Updated August 21, 2020 - 8:24 am
After the coronavirus pandemic delayed their plans, developers have broken ground on a $400 million mixed-use project in Las Vegas.
Matter Real Estate Group started construction last week on UnCommons, a 40-acre project in the southwest valley that calls for office space, apartments and food and beverage spots. Crews are doing site work and expect to start pouring foundations in early October, Matter partner Jim Stuart said.
The project’s first phase is slated to finish in early 2022.
Las Vegas’ tourism-dependent economy has been devastated by the coronavirus outbreak, and though construction never stopped in the valley, Matter shelved its previously planned April start after the public health crisis sparked sweeping business closures and other chaos.
Its team has redesigned elements of the project with new health and safety features, including “near hospital-quality” heating, ventilation and air-conditioning systems; touchless access points; and interior finishes that will be “made with materials to limit the spread of bacteria,” according to a news release.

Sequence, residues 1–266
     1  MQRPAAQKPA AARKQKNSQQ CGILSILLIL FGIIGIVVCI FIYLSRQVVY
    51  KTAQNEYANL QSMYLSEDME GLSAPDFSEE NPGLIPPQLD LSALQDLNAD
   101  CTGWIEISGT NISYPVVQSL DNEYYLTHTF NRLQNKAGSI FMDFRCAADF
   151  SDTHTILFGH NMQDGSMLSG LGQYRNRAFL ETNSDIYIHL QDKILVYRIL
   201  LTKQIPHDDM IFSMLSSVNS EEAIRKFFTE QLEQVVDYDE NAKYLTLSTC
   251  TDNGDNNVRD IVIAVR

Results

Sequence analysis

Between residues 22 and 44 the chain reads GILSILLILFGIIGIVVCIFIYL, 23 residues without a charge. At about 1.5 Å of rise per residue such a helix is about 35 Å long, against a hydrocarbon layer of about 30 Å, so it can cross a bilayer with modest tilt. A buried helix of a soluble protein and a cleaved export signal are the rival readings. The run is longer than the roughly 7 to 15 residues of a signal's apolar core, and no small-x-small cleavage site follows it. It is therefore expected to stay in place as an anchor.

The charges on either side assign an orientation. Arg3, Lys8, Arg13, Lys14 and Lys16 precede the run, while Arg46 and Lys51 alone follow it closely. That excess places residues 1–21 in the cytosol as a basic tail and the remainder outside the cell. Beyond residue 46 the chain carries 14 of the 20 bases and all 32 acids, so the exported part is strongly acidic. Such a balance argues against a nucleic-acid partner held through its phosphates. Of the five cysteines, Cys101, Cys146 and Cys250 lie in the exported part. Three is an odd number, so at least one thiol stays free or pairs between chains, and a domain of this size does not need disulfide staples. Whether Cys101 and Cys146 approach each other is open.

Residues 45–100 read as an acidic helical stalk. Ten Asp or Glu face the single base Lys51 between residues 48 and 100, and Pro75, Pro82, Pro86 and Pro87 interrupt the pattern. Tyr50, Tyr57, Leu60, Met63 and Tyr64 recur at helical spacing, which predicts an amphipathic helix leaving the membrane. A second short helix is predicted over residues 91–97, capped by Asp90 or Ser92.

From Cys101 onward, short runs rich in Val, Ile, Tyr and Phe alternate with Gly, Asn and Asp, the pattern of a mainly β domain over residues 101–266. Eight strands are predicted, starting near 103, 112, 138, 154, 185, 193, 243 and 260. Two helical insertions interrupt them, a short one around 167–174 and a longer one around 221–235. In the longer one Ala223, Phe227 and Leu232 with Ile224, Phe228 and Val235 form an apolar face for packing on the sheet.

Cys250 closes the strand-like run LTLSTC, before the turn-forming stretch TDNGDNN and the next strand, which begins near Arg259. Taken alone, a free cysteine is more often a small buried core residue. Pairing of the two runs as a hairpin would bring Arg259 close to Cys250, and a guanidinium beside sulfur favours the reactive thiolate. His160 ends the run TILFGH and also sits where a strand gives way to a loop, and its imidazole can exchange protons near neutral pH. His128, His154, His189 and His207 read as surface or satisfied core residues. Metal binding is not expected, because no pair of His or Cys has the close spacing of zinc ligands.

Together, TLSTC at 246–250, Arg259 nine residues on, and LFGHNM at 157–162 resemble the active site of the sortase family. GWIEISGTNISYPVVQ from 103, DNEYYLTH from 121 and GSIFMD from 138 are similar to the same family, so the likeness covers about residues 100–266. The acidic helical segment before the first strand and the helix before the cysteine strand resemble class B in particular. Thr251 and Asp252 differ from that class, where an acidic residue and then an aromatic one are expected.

Among other things, the project’s designers are looking to increase the purification of the buildings’ air, said Darrel Fullbright, a principal with Gensler, UnCommons’ architecture firm.
Stuart, whose firm obtained a $150 million construction loan for UnCommons last year, noted his group was able to rework the project before they started building it.
“We were financed, which today would be nearly impossible to do, but importantly we had not put a shovel in the ground,” Stuart said.
Matter plans to build more than 500,000 square feet of office space at UnCommons, located at the southeast corner of Durango Drive and the 215 Beltway, near Ikea. But since the pandemic hit, there has been talk that perhaps companies don’t need as much office space as they used to, given that employers across the U.S. closed their buildings and told staff to work from home.
People have been working from their kitchens, family rooms and home offices, in many cases with their kids running around the house. As Stuart noted, workers can be more efficient at home than perhaps people thought.
But five months after much of the U.S. shut down virtually overnight over fears of the new coronavirus — and with no end in sight to the still-raging pandemic — he said the effects of being isolated and distracted are “taking a very heavy toll” on businesses, innovation and workers’ mental health.